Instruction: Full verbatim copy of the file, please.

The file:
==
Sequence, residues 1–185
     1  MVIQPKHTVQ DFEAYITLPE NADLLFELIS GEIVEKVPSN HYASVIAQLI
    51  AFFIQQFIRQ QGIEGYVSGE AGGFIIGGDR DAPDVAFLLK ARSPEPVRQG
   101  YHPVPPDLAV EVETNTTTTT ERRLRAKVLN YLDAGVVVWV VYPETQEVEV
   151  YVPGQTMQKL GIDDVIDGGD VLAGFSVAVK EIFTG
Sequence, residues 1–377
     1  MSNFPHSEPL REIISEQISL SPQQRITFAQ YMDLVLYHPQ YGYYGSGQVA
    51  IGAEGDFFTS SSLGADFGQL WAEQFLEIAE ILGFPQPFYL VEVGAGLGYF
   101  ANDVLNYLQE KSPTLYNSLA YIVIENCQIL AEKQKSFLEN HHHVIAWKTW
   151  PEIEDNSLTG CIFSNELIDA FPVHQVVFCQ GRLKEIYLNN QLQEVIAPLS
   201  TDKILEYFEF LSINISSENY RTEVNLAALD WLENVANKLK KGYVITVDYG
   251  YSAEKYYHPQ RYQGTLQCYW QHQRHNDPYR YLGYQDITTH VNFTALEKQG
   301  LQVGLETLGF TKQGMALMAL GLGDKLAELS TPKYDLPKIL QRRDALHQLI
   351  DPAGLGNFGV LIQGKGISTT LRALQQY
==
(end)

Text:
Sequence, residues 1–185
     1  MVIQPKHTVQ DFEAYITLPE NADLLFELIS GEIVEKVPSN HYASVIAQLI
    51  AFFIQQFIRQ QGIEGYVSGE AGGFIIGGDR DAPDVAFLLK ARSPEPVRQG
   101  YHPVPPDLAV EVETNTTTTT ERRLRAKVLN YLDAGVVVWV VYPETQEVEV
   151  YVPGQTMQKL GIDDVIDGGD VLAGFSVAVK EIFTG
Sequence, residues 1–377
     1  MSNFPHSEPL REIISEQISL SPQQRITFAQ YMDLVLYHPQ YGYYGSGQVA
    51  IGAEGDFFTS SSLGADFGQL WAEQFLEIAE ILGFPQPFYL VEVGAGLGYF
   101  ANDVLNYLQE KSPTLYNSLA YIVIENCQIL AEKQKSFLEN HHHVIAWKTW
   151  PEIEDNSLTG CIFSNELIDA FPVHQVVFCQ GRLKEIYLNN QLQEVIAPLS
   201  TDKILEYFEF LSINISSENY RTEVNLAALD WLENVANKLK KGYVITVDYG
   251  YSAEKYYHPQ RYQGTLQCYW QHQRHNDPYR YLGYQDITTH VNFTALEKQG
   301  LQVGLETLGF TKQGMALMAL GLGDKLAELS TPKYDLPKIL QRRDALHQLI
   351  DPAGLGNFGV LIQGKGISTT LRALQQY